Foundation Diet and Health
Diet and Health
QR Code
The best perspective for your health
This page was translated through Google Translator

Peanut oil (organic?, raw?)

Peanut oil has a spicy but mild taste. It goes well with many dishes, such as wok dishes or deep-frying. Raw? Organic?
Macronutrient carbohydrates 0%
Macronutrient proteins 0%
Macronutrient fats 100%

The three ratios show the percentage by weight of macronutrients (carbohydrates / proteins / fats) of the dry matter (excl. water).

Ω-6 (LA, 32g)
Omega-6 fatty acid such as linoleic acid (LA)
 : Ω-3 (ALA, <0.1g)
Omega-3 fatty acid such as alpha-linolenic acid (ALA)
 = !:0

Omega-6 ratio to omega-3 fatty acids should not exceed a total of 5:1. Link to explanation.

Here, essential linolenic acid (LA) 32 g and almost no alpha-linolenic acid (ALA).

Peanut oil is extracted from peanut seeds ( Arachis hypogaea) . It is not always clear whether cold-pressed oil is really raw . Also available in organic quality.

Use in the kitchen

Cold-pressed (raw) peanut oil is yellowish in color. It has a peanut note and smells slightly fruity. Due to its smoke point of 160 °C, cold-pressed peanut oil is suitable for cold and warm cooking, but it is unsuitable for hot cooking. 1 Refined peanut oil is whitish and has a more neutral odor and taste than cold-pressed oil. Its smoke point is around 232 °C, which makes refined peanut oil very heat-resistant. 1 It can be used in hot cooking, for example for deep-frying. Refined peanut oil is often found in margarine, mayonnaise or as a vegetable alternative to ghee. Oil made from roasted peanuts tastes very nutty and aromatic, which is why it is often used to add flavor, for example in sweets.

Cold-pressed peanut oil goes perfectly with salad dressings, vegetables - such as root vegetables (e.g. carrots ; celeriac ); cabbage ( orange cauliflower in tahini sauce ; broccoli ); zucchini , tomatoes , peppers (summer vegetables with peanut oil) or mushrooms (mushrooms with peanut and avocado filling). It can also be found in dips, sauces ( sweet potato satay with spicy peanut sauce ) or marinades. Refined peanut oil is used particularly in Asian cuisine for wok dishes (vegetable and peanut wok) or unrefined as a seasoning. Refined peanut oil is suitable for frying tofu or tempeh ( curry orange tempeh with spiced rice ). It is also used for frying chips. Peanut oil goes well with potatoes , rice , wholemeal noodles , rice noodles and millet etc.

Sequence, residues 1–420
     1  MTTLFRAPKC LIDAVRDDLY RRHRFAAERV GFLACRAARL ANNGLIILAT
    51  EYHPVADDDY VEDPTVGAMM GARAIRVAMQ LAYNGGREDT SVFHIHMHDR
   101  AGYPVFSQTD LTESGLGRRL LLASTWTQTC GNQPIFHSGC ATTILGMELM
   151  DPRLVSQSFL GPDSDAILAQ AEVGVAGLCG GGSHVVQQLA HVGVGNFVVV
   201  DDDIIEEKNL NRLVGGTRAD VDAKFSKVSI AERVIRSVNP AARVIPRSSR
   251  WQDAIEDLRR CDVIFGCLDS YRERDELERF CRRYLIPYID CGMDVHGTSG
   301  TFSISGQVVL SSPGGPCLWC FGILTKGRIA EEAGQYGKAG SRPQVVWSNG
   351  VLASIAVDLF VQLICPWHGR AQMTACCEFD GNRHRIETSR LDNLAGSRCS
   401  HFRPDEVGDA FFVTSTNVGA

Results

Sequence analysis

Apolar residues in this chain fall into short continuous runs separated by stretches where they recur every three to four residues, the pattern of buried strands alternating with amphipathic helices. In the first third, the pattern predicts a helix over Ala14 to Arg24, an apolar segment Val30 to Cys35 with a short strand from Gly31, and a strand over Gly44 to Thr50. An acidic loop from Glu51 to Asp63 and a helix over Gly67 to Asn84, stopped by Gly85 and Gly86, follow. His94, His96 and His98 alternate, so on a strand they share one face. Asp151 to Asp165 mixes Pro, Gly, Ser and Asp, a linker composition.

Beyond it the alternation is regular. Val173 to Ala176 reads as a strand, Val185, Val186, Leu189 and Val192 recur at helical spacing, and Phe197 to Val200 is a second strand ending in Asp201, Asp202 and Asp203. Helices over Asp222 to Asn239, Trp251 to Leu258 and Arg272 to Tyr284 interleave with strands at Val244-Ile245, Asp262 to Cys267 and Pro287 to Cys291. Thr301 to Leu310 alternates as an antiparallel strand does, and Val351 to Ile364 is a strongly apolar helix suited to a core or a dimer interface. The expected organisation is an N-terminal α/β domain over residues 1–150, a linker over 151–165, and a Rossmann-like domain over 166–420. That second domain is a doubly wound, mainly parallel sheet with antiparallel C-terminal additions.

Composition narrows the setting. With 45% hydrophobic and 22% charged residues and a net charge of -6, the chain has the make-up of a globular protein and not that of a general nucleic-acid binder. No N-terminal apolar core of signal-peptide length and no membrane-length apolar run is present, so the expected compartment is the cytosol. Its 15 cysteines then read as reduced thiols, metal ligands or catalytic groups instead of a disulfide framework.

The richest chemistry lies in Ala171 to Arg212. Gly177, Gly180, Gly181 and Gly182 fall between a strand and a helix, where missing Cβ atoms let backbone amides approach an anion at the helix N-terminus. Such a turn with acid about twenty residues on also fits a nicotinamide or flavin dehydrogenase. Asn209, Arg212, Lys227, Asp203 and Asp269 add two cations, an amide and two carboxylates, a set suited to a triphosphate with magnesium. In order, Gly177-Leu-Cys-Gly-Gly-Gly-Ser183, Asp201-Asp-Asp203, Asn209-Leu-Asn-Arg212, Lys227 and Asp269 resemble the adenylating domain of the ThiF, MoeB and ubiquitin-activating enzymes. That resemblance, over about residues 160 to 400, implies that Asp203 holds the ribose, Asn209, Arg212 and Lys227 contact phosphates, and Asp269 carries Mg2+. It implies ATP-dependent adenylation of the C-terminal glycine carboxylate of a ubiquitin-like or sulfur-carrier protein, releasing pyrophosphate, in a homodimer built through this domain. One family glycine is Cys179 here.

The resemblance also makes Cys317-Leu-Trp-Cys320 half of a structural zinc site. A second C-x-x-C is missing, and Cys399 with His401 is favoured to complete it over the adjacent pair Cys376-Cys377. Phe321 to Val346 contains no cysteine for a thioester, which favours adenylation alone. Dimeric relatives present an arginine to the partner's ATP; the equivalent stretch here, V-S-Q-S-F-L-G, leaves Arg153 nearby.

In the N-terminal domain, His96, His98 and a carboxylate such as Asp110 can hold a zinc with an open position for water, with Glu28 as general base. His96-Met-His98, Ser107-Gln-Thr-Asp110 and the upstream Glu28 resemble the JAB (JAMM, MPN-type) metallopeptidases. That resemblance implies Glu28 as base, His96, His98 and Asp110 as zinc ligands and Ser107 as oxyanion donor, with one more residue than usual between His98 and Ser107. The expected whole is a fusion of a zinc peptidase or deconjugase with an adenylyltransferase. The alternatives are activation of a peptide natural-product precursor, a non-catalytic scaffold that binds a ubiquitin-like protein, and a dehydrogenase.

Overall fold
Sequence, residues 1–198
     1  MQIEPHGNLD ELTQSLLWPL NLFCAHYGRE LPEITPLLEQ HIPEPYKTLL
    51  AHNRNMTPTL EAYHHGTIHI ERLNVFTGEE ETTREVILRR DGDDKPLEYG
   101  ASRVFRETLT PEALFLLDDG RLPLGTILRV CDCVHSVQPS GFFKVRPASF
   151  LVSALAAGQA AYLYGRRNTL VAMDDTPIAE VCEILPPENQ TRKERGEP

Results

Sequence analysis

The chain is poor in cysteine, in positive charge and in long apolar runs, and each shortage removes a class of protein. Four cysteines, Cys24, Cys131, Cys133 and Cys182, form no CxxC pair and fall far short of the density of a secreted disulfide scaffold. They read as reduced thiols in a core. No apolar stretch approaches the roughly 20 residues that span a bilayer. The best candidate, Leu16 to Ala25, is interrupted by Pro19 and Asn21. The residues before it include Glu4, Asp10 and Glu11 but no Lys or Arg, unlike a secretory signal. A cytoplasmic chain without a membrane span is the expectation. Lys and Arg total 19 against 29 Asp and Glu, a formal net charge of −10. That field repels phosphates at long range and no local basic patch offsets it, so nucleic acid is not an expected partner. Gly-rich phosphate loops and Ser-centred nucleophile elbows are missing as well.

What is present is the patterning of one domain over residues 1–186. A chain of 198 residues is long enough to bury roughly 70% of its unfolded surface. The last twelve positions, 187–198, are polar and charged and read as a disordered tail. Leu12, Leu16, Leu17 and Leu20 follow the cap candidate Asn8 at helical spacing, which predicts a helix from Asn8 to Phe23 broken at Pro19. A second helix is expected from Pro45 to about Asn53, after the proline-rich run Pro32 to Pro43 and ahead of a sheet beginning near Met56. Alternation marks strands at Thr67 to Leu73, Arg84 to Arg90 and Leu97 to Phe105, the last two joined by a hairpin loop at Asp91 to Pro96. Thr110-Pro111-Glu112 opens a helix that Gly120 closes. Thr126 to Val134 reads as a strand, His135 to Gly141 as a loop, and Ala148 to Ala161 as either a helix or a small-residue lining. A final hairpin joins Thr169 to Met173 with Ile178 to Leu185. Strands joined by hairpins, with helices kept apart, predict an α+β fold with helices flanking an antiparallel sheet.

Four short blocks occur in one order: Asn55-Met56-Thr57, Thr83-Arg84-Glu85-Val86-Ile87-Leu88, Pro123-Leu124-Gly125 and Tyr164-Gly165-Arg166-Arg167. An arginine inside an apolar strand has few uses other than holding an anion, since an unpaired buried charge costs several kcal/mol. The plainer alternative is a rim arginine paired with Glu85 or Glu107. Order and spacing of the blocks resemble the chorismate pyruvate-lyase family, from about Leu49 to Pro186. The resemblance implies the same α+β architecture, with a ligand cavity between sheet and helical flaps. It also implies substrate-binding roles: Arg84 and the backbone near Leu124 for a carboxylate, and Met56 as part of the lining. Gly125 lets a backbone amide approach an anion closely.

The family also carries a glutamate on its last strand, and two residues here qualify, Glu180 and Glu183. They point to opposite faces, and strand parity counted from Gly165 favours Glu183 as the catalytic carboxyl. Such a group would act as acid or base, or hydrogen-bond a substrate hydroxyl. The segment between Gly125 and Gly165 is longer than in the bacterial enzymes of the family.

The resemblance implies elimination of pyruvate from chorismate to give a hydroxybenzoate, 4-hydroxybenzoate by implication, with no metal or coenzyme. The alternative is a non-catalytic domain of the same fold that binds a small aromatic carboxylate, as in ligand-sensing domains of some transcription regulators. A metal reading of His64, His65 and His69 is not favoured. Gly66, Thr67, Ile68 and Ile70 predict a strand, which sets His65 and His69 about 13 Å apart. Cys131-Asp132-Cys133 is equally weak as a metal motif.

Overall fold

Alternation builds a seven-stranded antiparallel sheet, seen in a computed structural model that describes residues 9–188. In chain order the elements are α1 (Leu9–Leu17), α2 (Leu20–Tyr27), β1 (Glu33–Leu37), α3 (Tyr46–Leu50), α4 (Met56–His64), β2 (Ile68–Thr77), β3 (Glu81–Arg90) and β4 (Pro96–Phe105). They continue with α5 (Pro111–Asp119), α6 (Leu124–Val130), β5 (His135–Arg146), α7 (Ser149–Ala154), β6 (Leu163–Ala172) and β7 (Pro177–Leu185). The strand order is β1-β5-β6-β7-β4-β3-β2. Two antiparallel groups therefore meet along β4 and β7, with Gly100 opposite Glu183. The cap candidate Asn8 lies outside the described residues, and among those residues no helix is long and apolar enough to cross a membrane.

Vegan recipe of "tuna" in peanut oil marinade

Ingredients (for 4 people): 500g watermelon (raw, organic) , 2 tbsp peanut oil, unrefined, 1.5 tbsp soy sauce (tamari) , 1.5 tbsp rice vinegar , 2 garlic cloves , 1 tsp ginger (raw, organic) , grated, 1 nori sheet (red algae sheet) , sesame seeds (optional), chili powder , salt.

Preparation: Preheat the oven to 200 °C (top/bottom heat). Cut the melon into 3x3 cm cubes and spread on a baking tray. Sprinkle with a little salt and bake in the oven for 1 hour. Turn once after 30 minutes. Meanwhile, press the garlic cloves, grate the ginger and chop the nori sheet into small pieces and place in a bowl. Add the remaining ingredients and mix. Then add the cooled watermelon pieces and mix again. Leave the mixture to sit in the fridge for at least 24 hours. After this time, remove the pieces from the marinade and either eat them straight away or roll them in sesame seeds. This "tuna" alternative is ideal on salads or with rice.

Vegan recipes with peanut oil can be found under the note: " Recipes that have the most of this ingredient ".

Not only vegans or vegetarians should read this:
Vegans often eat unhealthily. Avoidable nutritional mistakes

Purchasing - Storage

In supermarkets (such as Coop , Migros, Spar , Aldi , Lidl , Rewe , Edeka , Hofer , Billa ) you can find peanut oil all year round, mainly in conventional quality and refined. In organic supermarkets (such as Denn's Biomarkt and Alnatura ), drugstores such as DM and in traditional oil mills (such as Fandler ) it is available all year round in organic quality and cold-pressed. Smaller supermarkets such as Denner or Volg offer the oil as part of selected promotions. Depending on the supplier, the oil is made from roasted or unroasted peanuts. However, cold-pressed peanut oil made from roasted peanuts no longer has a raw character.